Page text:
Most of us want to get better at something. You set a goal to lose 50 pounds, but the scale doesn’t budge. The next bestseller lies dormant in your thoughts. The athletic shoes you bought to run the next marathon sit waiting in the closet. You find a million excuses. You procrastinate. If you are like me, that sounds all too familiar.
Ask a Simple Question
My friend and colleague, Joe, uses a simple signature line for his email. A straightforward question that jolts this self-improvement nerd every time I read it.
“What did you improve today?”
Joe’s straightforward and blunt question reminds me to think about how I spend my time. I begin to consider the choices I make to become better today than I was yesterday. Did I do what I said I would do? Did I make that phone call? Have I finished the research for the new article?
The question matters to me because I want to improve — as a human and in my work. The question also creates a bridge from what I can do today to what I hope to achieve tomorrow.
I asked a room full of people during a recent presentation, “Is there anyone here who wants to improve their work or personal life?”
Not a single person said, “No, not me, not today.” Would you say no to getting better?
Improve (make better)
Thinking about improving your health does not make you healthier. Talking about the perfect serve does not make you a better tennis player. Dreaming about how much money you will make does not create a new business.
You might write out a plan, set milestones, and share your goal with your friends or family. None of that will result in making you better or improving anything. Unless you take the first step.
Improve is a verb — an action. You must do the things in your plan to achieve the milestones that will move you closer to your goal. You have two choices.
1. Continue to think, talk, complain, etc.
2. Take action
Face the Unwelcome Truth
Doubt and fear of change overcome our best intentions.
You want to improve, but what’s stopping you? Why do you keep putting off doing the very thing you know you want to do, that you must do to reach your goal?
In a word, brain. Your brain has a powerful hold on your actions. Robert Maurer, in One Small Step Can Change Your Life, explains how this happens. The brain has continued to evolve into three separate brains over millions of years.
The brain stem, or reptilian brain, wakes us up and keeps our heart beating. On top of the brain stem sits the midbrain, which scientists refer to as the mammalian brain. The amygdala sits in the midbrain where it regulates body temperature. This small, but mighty part, also alerts you to danger. The frontal cortex encompassing the rest of the brain does the work that makes us human. We can think, create, and make decisions.
Our brains work in harmony to keep us alive, safe, and creative. Until they don’t.
Notice the small dark pink almond shape in the drawing of the brain. That’s the amygdala. How does this relate to whether you take action to improve?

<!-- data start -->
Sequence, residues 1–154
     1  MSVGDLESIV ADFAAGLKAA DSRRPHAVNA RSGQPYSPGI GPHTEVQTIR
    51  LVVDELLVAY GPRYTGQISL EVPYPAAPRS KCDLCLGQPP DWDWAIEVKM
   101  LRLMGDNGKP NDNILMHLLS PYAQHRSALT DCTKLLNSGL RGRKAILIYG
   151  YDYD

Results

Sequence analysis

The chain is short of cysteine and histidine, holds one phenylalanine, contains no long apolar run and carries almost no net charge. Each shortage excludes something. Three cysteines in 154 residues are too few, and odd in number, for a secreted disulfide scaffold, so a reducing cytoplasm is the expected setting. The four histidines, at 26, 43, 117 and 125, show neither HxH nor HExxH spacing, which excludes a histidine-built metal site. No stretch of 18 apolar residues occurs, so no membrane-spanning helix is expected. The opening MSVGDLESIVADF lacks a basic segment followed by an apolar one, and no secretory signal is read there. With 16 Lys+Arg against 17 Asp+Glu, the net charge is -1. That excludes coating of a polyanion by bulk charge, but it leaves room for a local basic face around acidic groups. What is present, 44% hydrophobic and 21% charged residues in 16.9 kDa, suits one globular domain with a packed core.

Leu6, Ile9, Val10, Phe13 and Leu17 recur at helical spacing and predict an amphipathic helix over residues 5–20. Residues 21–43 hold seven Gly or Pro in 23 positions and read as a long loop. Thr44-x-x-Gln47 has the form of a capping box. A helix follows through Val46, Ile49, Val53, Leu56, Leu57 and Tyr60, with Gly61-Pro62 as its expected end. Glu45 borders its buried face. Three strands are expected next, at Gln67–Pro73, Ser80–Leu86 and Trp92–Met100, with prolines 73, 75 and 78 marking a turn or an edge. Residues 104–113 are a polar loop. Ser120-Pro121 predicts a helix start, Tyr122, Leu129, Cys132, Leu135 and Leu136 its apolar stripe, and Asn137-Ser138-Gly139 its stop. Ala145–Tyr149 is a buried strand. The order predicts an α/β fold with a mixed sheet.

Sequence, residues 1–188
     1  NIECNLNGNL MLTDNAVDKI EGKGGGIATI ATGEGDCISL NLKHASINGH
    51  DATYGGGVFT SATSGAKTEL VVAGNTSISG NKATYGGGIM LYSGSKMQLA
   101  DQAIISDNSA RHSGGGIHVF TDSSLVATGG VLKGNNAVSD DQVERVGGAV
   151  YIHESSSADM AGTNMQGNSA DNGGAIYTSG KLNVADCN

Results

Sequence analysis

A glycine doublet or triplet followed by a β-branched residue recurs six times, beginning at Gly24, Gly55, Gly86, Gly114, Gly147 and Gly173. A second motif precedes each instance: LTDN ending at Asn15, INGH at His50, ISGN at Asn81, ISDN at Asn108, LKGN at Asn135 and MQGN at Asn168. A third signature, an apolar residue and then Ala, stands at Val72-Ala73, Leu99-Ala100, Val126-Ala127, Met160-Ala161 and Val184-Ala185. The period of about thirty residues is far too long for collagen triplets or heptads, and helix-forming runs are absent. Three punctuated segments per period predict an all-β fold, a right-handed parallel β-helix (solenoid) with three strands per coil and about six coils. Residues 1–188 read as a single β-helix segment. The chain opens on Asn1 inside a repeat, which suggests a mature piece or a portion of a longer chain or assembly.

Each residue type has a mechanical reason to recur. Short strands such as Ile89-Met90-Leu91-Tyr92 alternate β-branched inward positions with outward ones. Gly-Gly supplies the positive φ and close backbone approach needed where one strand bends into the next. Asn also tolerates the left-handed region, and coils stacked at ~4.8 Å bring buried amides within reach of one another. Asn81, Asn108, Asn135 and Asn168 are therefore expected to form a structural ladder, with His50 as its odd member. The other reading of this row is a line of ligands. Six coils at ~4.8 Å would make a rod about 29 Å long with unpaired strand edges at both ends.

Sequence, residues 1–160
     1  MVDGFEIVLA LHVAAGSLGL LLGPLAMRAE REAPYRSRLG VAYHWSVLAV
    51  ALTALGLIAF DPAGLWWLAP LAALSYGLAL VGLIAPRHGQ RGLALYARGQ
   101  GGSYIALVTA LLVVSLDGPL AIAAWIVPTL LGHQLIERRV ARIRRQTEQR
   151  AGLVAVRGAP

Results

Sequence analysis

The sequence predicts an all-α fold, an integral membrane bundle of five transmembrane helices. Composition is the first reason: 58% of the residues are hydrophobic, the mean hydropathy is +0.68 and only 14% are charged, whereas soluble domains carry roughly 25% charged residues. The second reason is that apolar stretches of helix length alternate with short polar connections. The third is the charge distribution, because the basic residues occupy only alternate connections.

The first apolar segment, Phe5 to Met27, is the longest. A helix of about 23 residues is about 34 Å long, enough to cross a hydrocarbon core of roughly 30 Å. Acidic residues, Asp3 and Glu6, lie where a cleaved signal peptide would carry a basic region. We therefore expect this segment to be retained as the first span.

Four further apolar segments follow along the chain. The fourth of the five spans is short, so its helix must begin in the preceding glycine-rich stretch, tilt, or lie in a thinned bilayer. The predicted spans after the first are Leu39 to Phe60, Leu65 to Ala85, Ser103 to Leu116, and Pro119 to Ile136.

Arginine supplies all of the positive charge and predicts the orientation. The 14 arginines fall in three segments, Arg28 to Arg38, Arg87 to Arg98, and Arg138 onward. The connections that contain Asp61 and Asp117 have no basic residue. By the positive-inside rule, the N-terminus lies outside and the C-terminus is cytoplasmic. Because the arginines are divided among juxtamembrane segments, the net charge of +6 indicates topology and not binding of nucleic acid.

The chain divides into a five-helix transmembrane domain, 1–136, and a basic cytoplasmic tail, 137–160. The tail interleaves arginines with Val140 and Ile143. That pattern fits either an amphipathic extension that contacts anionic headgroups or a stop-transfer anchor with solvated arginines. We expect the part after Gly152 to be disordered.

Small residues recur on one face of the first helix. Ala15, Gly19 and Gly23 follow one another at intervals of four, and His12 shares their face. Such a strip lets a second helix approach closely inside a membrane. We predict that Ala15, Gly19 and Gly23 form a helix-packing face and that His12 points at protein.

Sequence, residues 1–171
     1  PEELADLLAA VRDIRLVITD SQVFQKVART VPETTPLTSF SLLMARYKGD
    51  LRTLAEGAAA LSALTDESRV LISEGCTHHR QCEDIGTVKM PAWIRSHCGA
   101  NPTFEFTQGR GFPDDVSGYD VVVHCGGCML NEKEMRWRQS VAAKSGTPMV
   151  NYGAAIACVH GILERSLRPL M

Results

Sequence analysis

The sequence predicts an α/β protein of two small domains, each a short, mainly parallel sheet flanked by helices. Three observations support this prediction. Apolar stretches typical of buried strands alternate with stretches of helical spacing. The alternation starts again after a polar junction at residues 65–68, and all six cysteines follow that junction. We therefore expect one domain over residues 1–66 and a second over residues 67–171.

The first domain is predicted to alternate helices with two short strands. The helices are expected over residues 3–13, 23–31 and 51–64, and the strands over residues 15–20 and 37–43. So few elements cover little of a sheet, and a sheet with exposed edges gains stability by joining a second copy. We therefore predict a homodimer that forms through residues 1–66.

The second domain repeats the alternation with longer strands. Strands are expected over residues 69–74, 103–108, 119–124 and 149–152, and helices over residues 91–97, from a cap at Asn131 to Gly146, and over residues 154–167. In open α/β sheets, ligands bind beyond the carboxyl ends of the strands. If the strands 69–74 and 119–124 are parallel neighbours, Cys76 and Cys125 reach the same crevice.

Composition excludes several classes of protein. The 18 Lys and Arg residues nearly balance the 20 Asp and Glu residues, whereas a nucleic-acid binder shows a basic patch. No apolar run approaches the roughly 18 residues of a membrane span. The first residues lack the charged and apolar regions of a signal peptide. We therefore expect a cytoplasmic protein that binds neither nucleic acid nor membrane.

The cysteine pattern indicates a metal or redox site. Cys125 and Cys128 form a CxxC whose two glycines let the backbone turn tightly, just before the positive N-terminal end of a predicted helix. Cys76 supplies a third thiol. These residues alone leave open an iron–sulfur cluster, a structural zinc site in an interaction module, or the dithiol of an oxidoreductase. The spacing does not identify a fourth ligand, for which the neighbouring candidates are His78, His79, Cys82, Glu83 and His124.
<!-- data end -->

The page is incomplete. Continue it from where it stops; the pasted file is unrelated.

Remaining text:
Fear. The physiology of the human brain protects you from harm. The fear response takes hold, which is a good thing if an elephant charges toward you. This built-in warning signal can stifle creativity. Bring you to a screeching halt. You struggle to accept change and flounder toward success.
Overcome Fear with a Secret Weapon
Abrupt changes to your routine cause discomfort. Threatening changes in your environment can induce fear and anxiety. Your amygdala comes to the rescue to shut us down or cause us to flee.
You have a secret weapon to trick the pesky amygdala. Kaizen.
The Japanese term, kaizen, means “good change.” The kaizen approach tackles change as a series of small steps. Change occurs in increments as you make small improvements consistently over time.
Can’t give up your morning pastry? What if you tried a slice of whole wheat raisin bread instead? You would rather stay in bed than head out the door to run? Take a walk. You can’t bear walking so early in the morning? Put on your running shoes and walk to the kitchen. Take one step.
Breaking down your goals into smaller and smaller steps allows you to override the blaring voice of the amygdala. James Clear (Atomic Habits) describes scaffolding habits so one action builds upon the next one. Mastering one step, then the next step creating good change.
Joe’s simple question, “What did you improve today?” serves as my amygdala weapon, my kaizen tool to keep taking small steps. Sometimes those actions appear negligible in my efforts to get better, but they accumulate over time.
In Conclusion, Take the First Step
All improvement — getting better — requires change. The brain fights change. Kaizen gives you one way to break out of inertia. Small “good changes” implemented over and over, and over time, unlock the door. Will you take action? Are you willing to make small, even tiny, steps every day? If so, ask yourself,
“What will I improve today?”
Then, take the next step.